The race was extremely well organised. Water tables were situated every 3 km and traffic officials did what they could to keep us safe on this busy road. I did however feel that heavy trucks could have been directed to the alternative route behind the dune belt for the duration of the race. It wasn’t pleasant to breath heavy exhaust fumes and to fight the wind gusts and flying sand from passing trucks. But in all honesty it was perhaps 3 or 4 trucks in total. So not really that bad.
The water tables were manned by Etosha Fishing personnel, and they apparently had a competition on for best team spirit. This was easily the most supportive, fun race I have attended in Namibia. People in costume were cheering and friendly and ready to hand out a drink or a word of encouragement wherever they could. Cheers to them!
The Etosha Fishing ‘Cowboy’ water table won a prize for their good spirit and costume. (Source).
Although breaking my PB (pubic bone. Or Personal Best time) wasn’t really my main goal for this race, I seem to derive from a long line of overly competitive boere people and once we get that itch, it rarely goes away. My previous PB over the half-marathon was 1:59:30, which I ran earlier this year after a longish baby-and-second-pregnancy running break. My goal for this race was to bring that time down with a few minutes. But when an English lady cornered me at the third km and asked me my goal time, I had to commit to a number – after I got over the initial shock of being challenged so boldly by a rival. Aren’t the English supposed to be more proper? Who asks your goal time?! You make small talk while quietly pinpointing your opponents’ week spots to plan the sudden overtake and the triumphant, pretend-reserved, wave at the turnaround or finish line! But the game was on. I aimed for 1:55.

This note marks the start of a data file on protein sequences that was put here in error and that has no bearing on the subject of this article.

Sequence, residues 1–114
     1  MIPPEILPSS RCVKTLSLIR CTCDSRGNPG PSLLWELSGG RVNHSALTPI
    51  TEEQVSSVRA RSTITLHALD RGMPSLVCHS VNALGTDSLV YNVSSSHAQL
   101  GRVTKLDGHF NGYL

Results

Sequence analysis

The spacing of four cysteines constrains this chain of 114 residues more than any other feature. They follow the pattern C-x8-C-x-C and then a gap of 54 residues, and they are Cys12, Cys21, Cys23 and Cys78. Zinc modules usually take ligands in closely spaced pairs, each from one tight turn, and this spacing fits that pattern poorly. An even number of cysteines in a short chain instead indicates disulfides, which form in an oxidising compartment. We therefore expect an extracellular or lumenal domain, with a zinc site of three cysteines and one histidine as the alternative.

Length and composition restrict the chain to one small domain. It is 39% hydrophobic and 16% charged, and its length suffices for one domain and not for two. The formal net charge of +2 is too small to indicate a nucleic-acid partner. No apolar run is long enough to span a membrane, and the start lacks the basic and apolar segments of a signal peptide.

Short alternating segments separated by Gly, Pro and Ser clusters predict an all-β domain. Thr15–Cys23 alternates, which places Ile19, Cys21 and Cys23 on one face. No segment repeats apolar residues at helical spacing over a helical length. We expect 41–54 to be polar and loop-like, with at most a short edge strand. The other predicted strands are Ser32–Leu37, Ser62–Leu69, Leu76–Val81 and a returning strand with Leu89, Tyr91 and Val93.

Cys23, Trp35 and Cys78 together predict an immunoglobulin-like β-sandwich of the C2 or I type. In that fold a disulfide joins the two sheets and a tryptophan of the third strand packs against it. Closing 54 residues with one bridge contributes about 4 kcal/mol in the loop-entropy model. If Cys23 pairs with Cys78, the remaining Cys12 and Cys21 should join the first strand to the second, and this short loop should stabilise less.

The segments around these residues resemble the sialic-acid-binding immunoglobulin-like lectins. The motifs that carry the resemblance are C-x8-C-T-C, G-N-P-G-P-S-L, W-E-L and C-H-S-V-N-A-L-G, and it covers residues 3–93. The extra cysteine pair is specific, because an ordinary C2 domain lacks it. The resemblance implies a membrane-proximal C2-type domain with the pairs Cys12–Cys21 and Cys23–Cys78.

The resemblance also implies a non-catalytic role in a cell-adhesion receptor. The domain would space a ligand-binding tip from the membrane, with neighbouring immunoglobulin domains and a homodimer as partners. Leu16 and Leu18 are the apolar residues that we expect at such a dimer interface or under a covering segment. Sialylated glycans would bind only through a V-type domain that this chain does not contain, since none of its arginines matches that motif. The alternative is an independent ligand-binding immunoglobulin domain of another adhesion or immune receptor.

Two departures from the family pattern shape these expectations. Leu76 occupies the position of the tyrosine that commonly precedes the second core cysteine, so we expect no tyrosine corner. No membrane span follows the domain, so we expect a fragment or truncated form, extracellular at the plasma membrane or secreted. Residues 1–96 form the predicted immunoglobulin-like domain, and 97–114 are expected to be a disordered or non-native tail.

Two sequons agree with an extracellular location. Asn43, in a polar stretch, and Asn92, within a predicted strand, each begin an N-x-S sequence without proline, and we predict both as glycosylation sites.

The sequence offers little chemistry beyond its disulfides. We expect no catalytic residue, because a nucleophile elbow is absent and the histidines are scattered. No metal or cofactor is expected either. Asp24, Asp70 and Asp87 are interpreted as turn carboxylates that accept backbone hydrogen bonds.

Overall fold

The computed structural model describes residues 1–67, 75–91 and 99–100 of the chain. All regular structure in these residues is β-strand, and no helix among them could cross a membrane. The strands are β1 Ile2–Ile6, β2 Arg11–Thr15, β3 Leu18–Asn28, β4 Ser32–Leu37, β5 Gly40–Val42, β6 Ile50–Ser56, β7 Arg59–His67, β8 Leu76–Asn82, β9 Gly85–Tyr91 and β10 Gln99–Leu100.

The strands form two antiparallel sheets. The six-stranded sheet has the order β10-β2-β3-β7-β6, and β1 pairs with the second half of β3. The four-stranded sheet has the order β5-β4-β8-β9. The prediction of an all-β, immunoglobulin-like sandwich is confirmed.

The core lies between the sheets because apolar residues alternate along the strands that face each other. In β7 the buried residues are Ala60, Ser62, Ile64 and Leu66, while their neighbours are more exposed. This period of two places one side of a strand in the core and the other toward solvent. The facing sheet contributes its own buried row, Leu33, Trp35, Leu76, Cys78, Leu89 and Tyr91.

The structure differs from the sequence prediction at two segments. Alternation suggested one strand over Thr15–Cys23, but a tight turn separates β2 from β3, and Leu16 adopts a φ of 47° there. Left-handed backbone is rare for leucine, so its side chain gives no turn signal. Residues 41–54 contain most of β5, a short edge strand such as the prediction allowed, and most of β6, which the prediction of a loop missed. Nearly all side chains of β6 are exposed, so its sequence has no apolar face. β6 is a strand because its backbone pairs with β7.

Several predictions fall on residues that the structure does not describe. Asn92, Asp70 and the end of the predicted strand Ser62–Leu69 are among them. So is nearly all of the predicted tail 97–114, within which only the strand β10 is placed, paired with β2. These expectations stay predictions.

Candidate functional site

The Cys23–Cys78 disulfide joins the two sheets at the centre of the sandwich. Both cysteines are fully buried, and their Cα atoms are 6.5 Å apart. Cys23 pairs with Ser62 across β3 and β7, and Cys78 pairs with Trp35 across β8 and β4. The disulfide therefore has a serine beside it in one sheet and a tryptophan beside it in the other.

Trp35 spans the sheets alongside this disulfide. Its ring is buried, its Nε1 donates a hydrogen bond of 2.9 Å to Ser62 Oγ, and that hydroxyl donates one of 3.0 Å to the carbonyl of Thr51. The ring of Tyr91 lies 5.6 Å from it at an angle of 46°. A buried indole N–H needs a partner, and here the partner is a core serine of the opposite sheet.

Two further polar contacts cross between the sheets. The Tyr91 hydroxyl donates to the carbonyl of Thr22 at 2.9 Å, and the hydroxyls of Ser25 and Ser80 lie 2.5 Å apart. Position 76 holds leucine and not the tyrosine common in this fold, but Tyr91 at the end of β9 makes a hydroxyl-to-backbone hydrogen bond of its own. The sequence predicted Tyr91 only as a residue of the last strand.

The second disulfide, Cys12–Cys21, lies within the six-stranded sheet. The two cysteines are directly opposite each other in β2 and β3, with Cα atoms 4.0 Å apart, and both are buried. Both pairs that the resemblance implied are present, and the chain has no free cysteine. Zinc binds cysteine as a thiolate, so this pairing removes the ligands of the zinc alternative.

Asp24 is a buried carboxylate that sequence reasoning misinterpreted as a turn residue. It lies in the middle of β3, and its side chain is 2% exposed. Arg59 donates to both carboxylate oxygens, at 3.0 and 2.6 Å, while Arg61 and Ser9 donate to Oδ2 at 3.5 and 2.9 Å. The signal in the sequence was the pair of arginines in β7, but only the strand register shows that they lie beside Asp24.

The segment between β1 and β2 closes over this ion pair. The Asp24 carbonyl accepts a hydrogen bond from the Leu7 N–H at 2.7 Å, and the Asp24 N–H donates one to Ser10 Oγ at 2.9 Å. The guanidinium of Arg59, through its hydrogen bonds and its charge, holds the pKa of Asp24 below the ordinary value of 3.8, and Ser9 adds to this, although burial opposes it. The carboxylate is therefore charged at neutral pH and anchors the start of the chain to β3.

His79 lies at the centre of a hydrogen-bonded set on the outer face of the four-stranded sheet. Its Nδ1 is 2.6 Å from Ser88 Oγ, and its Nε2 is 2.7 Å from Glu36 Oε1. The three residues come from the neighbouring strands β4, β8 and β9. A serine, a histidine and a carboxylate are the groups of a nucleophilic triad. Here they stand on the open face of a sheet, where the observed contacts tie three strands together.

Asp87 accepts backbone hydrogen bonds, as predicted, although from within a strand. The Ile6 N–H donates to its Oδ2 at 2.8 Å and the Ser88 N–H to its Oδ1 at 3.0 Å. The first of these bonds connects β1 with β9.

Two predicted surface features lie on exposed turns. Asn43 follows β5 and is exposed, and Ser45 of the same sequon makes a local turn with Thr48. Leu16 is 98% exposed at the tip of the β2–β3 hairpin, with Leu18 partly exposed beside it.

While I was pondering this newly set goal, I suddenly had an epiphany (not an alcoholic beverage in this case) and  a game plan was born. I decided to run the way I run my long runs, essentially without a watch to check my pace, just by feel and feedback from my body and the course. The previous night I read a race report of a fabulous mama-runner who also happens to be my beautiful and inspiring cousin. She reported to have tackled the 21.1 km in 5 km increments, with a uniform goal pace over the 4 sections. Suddenly it hit me that I have always tried to tackle the entire race as a whole, instead of breaking it down in smaller, manageable (rewardable) sections. Tackling the race as a whole usually resulted in extreme math problems once you hit the 13th or 15th km, when you try to work out an adjusted goal pace and whether there is time for a quick sip of water or if you will be able to fit that darn 1.1 km at the end and still make a PB. Way, WAY too complicated!
So I set a goal pace for each 5 km sections, ran by feel and just glanced at the watch to keep track of the distance, never the pace. And low and behold, running a few five kays is way easier than running a 21.1 km! When I crossed the bridge into Swakop with 3 km to go I glanced at my watch and thought it was wrong, that it had stopped at some point. I finished the race in 1:52:05, an improvement of more than 7 minutes on my PB, and felt quite chuffed.
New PB by more than 7 minutes.
My beautiful hubs came out with Vee to support me as always, driving past me a few times and standing next to the road at the 15 km mark. They charmed the last chocolate out the poor friendly support table, because when I arrived I was offered only water and a Chomp already out of its wrapper(?) I just smiled and waved. Seeing my smiling, cheering hubs and babies next to the road while racing makes me immensely happy, and those images always carry me when it gets tough. Those and images of my mother in costume.  She lives far, but we have a tradition that she always ‘dresses up’ to come support me in spirit. And her description of her ‘costumes’ has had me giggling many times during a race.
The Hubs and Vee waited at the finish line. No better way to finish a race!
Overall this race was one of the running highlights of this year for me. I love huge, well organised races with a lot of team spirit and happy runners. Times for the marathon athletes weren’t apparently all that good and they complained of a strong head wind. Here at the coast you never know what the weather, especially the wind, will do come race day. You just have to take it as it comes and it honestly can change from one minute to the next. I certainly enjoyed the Lucky Star and will be back.
Ps. I passed the English lady in the last km. Not competitive at all. Really.